Education Committee


Bill No.:




Vote Date:


Vote Action:

Joint Favorable Substitute

PH Date:


File No.:


Education Committee


The reason for this bill is to prohibit withholding a child age 6 unless (1) a licensed physician certifies the child should not attend school until age 7 or (2) the child is identified as having a developmental delay.

The bill and existing law defines “developmental delay” as a significant delay in one or more of the following: (1) physical development; (2) communication development; (3) cognitive development; (4) social or emotional development; or (5) adaptive development.

The bill still gives the parent/guardian the option to withhold a child age 5 from school until he or she is 6. Under existing law and the bill, children are otherwise required to start public school at age 5 (or get equivalent instruction elsewhere, such as at a private school or through homeschooling).

EFFECTIVE DATE: July 1, 2016


Line 28 changes, “have the option of not sending the” to, “not be required to send the”.

Lines 29-36 specify that the physician must be licensed in Connecticut and that the developmental delay must be identified in a birth-to-three program under Individuals With Disabilities Education Act, 20 USC 1400. .


Dianna R. Wentzell, Commissioner, State Department of Education:
Commissioner Wentzell testified on behalf of the State Department of Education stating several concerns with H.B. 5307 as it is currently written.

Commissioner Wentzell stated that the conditions under which a child can be withheld from school until age 7 – 1) “a physician certifies that the child should not attend school until age 7” or 2) the child has a developmental delay – are both illegal for a school to consider when determining whether a child should be delayed entry into public education under the federal Americans with Disabilities Act, the Rehabilitation Act Section 504, and the Individuals with Disabilities Education Act.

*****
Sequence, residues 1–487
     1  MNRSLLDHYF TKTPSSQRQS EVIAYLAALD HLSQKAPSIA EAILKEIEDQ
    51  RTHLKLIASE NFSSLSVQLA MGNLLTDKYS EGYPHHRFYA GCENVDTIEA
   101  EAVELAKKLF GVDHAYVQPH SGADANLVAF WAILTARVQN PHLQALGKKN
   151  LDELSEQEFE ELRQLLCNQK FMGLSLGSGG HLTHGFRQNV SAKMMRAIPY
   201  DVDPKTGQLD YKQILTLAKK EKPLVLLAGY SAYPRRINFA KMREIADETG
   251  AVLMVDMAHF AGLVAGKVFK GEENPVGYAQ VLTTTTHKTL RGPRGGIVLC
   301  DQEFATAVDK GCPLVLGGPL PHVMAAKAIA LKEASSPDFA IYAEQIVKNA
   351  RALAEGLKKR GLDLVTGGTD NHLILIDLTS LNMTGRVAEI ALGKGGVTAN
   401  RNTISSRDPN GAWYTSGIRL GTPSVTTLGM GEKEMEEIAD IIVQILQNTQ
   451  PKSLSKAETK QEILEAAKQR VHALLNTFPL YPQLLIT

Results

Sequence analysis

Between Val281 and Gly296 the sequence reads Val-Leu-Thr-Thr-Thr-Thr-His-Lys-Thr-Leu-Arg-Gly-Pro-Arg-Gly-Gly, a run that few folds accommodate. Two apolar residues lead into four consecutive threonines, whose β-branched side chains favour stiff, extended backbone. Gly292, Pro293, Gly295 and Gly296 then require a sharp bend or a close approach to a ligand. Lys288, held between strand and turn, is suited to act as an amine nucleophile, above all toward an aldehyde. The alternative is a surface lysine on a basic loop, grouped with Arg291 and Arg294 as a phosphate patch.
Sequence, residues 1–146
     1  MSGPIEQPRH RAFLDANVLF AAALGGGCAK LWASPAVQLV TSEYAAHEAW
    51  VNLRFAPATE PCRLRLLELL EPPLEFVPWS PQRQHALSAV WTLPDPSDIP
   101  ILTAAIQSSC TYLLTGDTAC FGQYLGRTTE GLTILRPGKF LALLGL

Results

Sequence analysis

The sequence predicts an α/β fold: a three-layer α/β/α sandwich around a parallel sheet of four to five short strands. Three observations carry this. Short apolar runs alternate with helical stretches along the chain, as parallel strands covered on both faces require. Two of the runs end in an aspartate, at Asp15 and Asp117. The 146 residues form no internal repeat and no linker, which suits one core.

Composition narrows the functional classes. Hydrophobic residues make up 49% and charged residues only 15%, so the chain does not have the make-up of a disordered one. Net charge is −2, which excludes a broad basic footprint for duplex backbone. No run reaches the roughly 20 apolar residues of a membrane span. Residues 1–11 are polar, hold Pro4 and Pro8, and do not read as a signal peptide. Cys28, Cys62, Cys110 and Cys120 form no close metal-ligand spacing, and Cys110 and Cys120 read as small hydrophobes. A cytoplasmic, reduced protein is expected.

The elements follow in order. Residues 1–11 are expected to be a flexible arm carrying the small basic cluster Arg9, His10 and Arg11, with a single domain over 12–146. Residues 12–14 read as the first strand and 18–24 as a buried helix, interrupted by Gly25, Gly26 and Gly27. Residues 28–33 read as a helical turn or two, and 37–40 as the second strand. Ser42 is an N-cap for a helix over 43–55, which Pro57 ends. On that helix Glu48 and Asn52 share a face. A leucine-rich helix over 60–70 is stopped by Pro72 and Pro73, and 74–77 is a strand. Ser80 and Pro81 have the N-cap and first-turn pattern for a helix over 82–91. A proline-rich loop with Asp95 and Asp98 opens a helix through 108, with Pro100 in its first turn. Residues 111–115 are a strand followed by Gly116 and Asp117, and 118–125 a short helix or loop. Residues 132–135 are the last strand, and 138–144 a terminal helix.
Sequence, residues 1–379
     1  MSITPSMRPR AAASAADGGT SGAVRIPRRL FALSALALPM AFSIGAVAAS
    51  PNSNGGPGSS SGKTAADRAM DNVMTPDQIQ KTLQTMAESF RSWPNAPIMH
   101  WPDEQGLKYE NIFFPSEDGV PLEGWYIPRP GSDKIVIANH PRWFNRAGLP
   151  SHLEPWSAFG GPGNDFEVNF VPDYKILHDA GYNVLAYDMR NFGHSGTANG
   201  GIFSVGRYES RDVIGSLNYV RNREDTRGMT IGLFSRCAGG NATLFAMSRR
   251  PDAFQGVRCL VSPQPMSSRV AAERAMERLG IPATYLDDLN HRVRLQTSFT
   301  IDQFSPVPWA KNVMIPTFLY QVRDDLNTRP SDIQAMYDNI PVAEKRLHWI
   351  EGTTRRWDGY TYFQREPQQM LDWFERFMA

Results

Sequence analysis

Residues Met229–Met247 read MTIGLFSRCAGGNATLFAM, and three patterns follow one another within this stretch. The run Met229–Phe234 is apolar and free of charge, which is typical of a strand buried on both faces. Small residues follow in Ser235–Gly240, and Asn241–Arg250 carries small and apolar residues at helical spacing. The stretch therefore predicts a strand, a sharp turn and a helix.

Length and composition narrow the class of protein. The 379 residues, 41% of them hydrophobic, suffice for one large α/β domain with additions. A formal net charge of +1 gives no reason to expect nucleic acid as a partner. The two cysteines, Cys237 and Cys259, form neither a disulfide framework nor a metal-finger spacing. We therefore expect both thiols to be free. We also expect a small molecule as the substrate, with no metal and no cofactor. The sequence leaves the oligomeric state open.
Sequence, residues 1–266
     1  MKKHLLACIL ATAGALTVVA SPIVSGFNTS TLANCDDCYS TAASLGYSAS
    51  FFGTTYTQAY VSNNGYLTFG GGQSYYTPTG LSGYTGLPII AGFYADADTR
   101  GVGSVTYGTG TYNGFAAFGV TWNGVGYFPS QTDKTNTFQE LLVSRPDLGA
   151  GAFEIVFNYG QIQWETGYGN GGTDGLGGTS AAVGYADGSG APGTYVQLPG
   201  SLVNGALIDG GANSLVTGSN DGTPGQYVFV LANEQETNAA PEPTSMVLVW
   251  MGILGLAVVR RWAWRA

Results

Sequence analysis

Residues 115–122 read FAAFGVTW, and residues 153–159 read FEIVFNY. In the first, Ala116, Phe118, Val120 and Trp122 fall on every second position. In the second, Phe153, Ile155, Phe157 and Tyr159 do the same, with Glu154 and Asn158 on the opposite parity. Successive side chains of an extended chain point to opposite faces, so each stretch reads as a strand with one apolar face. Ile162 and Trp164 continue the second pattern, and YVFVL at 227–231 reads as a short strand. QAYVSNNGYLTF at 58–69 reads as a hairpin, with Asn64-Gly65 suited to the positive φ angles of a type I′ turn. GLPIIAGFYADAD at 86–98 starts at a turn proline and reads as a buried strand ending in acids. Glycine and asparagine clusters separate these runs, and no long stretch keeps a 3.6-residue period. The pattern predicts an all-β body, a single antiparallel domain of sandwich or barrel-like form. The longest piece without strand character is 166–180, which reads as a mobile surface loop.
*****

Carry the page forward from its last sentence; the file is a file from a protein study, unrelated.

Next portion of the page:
Commissioner Wentzell further testified that she recommended the word “kindergarten” be placed with “public school enrollment” in the language of H.B. 5307 because of the confusion it causes. The intent of the current statute (CGS 10-184) is to address “The Duties of Parents to Enroll their Child in a Public Education,” but since the language of H.B. 5307 mentions Kindergarten, it could be interpreted as a “delayed entry to Kindergarten” or “preschool retention” rather than adhering to the intent of the statute which is ensure that parents enroll their child in public school education when their child reaches a certain age.


Sarah Iverson, Associate Policy Fellow, Connecticut Voices for Children:
Ms. Iverson testified on behalf of Connecticut Voices for Children, stating it supports H.B. 5307 because by expanding the eligibility requirements for Care 4 Kids – Connecticut
's largest child care subsidy program- by allowing families with incomes up to 85% of the state median income eligible, the bill would bring Connecticut into compliance with new federal Child Care Development Fund (CCDF) regulations and allow more low to moderate income working families access to subsidized child care.


Kathleen Kennedy, President, Connecticut Parent Teacher Association: